Well, who’s going to speak the eulo­gy for the Pac-12? The bloom is off decades of tra­di­tion at the Rose Bowl, because every­body is chas­ing a pay­day. The math and the mon­ey no longer com­pute for a league that has lost five mem­bers since last year — and like­ly even more to fol­low. This ain’t your granddaddy’s idea of col­lege sports, when a quar­ter­back yet to throw a touch­down pass for the Buffs can dri­ve a $200,000 May­bach through the streets of Boulder.

Read the col­umn here.

#8: Arizona State’s Michael Crow must humble himself, fight for Pac-12 exit

Jere­my Cluff of the Ari­zona Repub­lic filed a piece look­ing at Ari­zona State’s future and exam­in­ing why Lar­ry Scott was put in charge for as long as he was.

In 2019, Crow made head­lines (which have resur­faced recent­ly amid fur­ther col­lege con­fer­ence expan­sion and realign­ment chat­ter) when he said this about the Pac-12 under for­mer Pac-12 Com­mis­sion­er Lar­ry Scott, of whom he was an ardent supporter:

“By my stan­dard, we’re on track, we’re doing well, we’re mak­ing progress and we’re posi­tion­ing our­selves for great­ness going for­ward,” Crow told The Ari­zona Repub­lic’s Jeff Met­calfe in an inter­view. “What some­body will be writ­ing about three years from now or four years will be, ‘How did the Pac-12 get ahead of us.’ ”

Oops. Talk about a freez­ing cold take.

Read the arti­cle here.

#9: Pac-12’s demise is story of 12 years of hubris, apathy, astounding mismanagement

Stew­art Man­del was inspired to write a lengthy piece for The Ath­let­ic that help­ful­ly traced the events of today back to the deci­sions made by Crow and the oth­er Pac-12 uni­ver­si­ty pres­i­dents in the 2000s and 2010s.

By all accounts, Kli­avkoff gen­uine­ly was blind­sided that Col­orado chose to leave when it did, days before he was set to present net­works’ final offers. He also gen­uine­ly believed he would go into the room Tues­day, present a unique offer from Apple — by which the mem­bers would make far more than their Big 12 coun­ter­parts if they met cer­tain sub­scrip­tion thresh­olds — and every­one would rush to sign a new grant of rights.

This was his sales pitch to a room full of schools that a dozen years ear­li­er let Kliavkoff’s pre­de­ces­sor sell them on over­ly opti­mistic Pac-12 Net­work sub­scriber tar­gets. It’s no won­der that with­in days, five of the remain­ing nine had accept­ed invites to con­fer­ences that could tell them exact­ly how much they’ll make.

Read the arti­cle here.

#10: Tired of nonstop realignment? UCLA’s Chip Kelly may have the common-sense solution

Ben Bolch of the Los Ange­les Times wrote an arti­cle that relayed Chip Kel­ly’s thoughts on putting an end to the mon­ey-dri­ven con­fer­ence hopping.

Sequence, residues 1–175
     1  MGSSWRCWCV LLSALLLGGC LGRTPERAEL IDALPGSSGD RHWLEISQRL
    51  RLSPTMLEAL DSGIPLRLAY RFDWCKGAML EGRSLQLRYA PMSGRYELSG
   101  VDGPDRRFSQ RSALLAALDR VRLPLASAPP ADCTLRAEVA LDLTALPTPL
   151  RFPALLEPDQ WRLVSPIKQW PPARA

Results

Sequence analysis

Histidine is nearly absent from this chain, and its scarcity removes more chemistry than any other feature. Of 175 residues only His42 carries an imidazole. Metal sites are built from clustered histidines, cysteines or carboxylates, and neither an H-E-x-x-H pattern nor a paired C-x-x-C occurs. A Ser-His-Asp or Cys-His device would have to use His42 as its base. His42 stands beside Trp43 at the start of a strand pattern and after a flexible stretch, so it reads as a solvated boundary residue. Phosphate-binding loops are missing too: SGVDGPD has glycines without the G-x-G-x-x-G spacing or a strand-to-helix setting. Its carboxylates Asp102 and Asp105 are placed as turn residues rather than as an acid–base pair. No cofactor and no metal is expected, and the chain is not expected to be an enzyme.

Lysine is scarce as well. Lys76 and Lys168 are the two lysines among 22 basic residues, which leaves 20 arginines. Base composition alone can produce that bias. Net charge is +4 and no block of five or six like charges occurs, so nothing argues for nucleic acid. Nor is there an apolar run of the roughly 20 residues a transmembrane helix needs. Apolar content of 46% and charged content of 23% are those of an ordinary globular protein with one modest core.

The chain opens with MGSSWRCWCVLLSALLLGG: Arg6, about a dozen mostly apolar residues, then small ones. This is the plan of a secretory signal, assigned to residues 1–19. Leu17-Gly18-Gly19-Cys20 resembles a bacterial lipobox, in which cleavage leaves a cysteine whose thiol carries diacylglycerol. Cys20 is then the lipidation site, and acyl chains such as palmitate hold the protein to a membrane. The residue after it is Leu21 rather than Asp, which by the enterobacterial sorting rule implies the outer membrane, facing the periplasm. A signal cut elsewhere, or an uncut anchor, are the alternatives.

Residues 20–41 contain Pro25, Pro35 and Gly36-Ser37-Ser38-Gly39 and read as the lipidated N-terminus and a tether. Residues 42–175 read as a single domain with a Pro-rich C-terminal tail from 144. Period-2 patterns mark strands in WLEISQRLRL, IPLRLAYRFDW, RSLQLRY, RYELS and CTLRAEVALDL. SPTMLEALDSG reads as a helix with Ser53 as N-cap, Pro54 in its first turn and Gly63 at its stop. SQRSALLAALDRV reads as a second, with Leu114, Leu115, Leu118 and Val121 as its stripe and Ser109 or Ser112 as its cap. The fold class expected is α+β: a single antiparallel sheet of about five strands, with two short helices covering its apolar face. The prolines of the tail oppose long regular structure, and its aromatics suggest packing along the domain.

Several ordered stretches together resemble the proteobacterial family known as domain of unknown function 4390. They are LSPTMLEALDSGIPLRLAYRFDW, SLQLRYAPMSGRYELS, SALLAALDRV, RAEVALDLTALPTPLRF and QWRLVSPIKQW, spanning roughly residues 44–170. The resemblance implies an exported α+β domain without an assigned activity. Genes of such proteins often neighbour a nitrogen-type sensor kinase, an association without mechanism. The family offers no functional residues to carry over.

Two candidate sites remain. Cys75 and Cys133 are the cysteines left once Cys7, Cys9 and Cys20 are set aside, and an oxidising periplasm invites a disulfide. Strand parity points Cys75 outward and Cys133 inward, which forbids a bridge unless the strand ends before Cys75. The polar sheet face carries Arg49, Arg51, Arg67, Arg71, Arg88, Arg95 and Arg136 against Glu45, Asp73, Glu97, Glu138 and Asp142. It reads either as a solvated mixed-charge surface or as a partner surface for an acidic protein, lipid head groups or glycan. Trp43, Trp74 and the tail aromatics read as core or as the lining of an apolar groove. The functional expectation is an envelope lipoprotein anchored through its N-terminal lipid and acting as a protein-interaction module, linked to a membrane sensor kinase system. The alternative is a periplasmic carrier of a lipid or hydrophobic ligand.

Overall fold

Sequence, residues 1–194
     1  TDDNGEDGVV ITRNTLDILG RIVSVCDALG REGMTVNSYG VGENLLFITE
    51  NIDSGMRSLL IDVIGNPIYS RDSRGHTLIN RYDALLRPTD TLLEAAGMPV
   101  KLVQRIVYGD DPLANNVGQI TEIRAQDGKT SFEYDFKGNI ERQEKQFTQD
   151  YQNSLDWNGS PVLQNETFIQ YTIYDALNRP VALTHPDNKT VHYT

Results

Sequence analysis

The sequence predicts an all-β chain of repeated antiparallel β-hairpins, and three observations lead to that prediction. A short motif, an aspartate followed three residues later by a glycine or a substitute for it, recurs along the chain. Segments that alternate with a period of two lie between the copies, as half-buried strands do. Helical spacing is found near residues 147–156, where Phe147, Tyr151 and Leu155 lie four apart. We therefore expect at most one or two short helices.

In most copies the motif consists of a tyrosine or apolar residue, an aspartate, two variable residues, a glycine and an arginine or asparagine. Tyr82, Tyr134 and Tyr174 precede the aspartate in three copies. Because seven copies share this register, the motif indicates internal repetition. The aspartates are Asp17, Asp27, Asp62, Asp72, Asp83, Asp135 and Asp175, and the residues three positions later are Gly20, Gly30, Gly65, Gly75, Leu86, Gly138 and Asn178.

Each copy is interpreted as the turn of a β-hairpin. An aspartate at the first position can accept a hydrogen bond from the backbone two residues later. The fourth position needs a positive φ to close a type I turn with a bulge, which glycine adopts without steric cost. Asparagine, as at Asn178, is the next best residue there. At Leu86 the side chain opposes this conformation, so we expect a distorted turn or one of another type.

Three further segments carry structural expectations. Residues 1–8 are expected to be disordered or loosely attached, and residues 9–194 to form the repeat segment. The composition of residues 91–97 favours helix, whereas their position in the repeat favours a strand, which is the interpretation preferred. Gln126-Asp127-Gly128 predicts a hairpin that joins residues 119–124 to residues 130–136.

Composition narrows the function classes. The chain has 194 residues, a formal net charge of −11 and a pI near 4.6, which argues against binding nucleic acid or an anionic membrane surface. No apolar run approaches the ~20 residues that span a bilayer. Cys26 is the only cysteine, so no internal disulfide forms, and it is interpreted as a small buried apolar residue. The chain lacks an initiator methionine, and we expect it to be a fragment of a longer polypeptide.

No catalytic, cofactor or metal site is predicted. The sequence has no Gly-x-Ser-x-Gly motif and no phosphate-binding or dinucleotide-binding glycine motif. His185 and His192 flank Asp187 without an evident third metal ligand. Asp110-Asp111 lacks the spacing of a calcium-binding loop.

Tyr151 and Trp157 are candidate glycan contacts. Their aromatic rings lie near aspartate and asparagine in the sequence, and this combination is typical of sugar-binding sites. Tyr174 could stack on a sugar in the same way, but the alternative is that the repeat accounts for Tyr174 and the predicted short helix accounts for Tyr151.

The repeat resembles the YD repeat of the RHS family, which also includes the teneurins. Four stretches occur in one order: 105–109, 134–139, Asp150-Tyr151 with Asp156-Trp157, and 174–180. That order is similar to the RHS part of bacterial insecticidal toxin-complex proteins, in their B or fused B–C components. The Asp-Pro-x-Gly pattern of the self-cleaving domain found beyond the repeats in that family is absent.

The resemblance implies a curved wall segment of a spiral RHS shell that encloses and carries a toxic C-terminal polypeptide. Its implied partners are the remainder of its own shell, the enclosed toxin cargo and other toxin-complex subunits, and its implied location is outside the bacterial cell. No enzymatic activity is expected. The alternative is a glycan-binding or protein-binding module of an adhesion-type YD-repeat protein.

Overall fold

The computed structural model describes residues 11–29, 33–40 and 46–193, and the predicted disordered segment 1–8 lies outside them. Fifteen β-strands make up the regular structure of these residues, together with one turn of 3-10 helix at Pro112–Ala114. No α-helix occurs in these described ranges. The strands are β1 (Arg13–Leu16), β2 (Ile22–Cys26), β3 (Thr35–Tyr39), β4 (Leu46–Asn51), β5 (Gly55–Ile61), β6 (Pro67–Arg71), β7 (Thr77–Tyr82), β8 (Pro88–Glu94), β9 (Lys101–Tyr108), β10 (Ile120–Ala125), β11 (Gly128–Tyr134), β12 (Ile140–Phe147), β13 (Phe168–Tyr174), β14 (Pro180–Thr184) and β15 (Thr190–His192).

Chip Kel­ly has a solu­tion for all the crazy cross-coun­try trav­el, not to men­tion the century’s worth of rival­ries and tra­di­tion torn asun­der by cease­less realign­ment in col­lege football.

Are you ready for a dose of com­mon sense?

One con­fer­ence. Every team. Divi­sions are aligned by geography.

“Do it like the NFL, where there’s NFC West, NFC North, NFC South where it’s the same thing and then we all get togeth­er,” Kel­ly, who coached for four sea­sons in the NFL before com­ing to UCLA, said Fri­day morn­ing. “But I think there should be one con­fer­ence in all of col­lege foot­ball and just break it up like they do in the pro­fes­sion­al ranks. … That makes the most sense. There’s your trav­el ques­tion, there’s all those oth­er questions.”

Read the arti­cle here.

The future of the Apple Cup and the Platypus Trophy

UW empha­sized in a state­ment that it val­ues its rival­ry with WSU.

“We are proud of our rich his­to­ry with the Pac-12 and for more than a year have worked hard to find a viable path that would keep it togeth­er,” UW’s Ana Marie Cauce said in a state­ment. “I have tremen­dous admi­ra­tion and respect for my Pac-12 col­leagues. Ulti­mate­ly, how­ev­er, the oppor­tu­ni­ties and sta­bil­i­ty offered by the Big Ten are unmatched… Even with this move, we remain com­mit­ted to the Apple Cup and to com­pet­ing with WSU across all of our sports.”

The Uni­ver­si­ty of Ore­gon said some­thing very sim­i­lar about its rival­ry with Ore­gon State — that it would “pri­or­i­tize the long-held tra­di­tions, includ­ing com­pe­ti­tion across all sports with Ore­gon State University.”

“Our goal would be to sched­ule Ore­gon State in every sport that’s pos­si­ble,” said Ore­gon’s Rob Mul­lens. “Foot­ball sched­ul­ing can be com­pli­cat­ed because of how far out it is and the dif­fi­cul­ty of play­ing non-con­fer­ence games lat­er in the year. But our goal would be absolute­ly to con­tin­ue to play Ore­gon State.”

Those state­ments prob­a­bly don’t count for much in Cor­val­lis or Pull­man right now.

About the author

Andrew Villeneuve is the founder and executive director of the Northwest Progressive Institute, as well as the founder of NPI's sibling, the Northwest Progressive Foundation. He has worked to advance progressive causes for over two decades as a strategist, speaker, author, and organizer. Andrew is also a cybersecurity expert, a veteran facilitator, a delegate to the Washington State Democratic Central Committee, and a member of the Climate Reality Leadership Corps.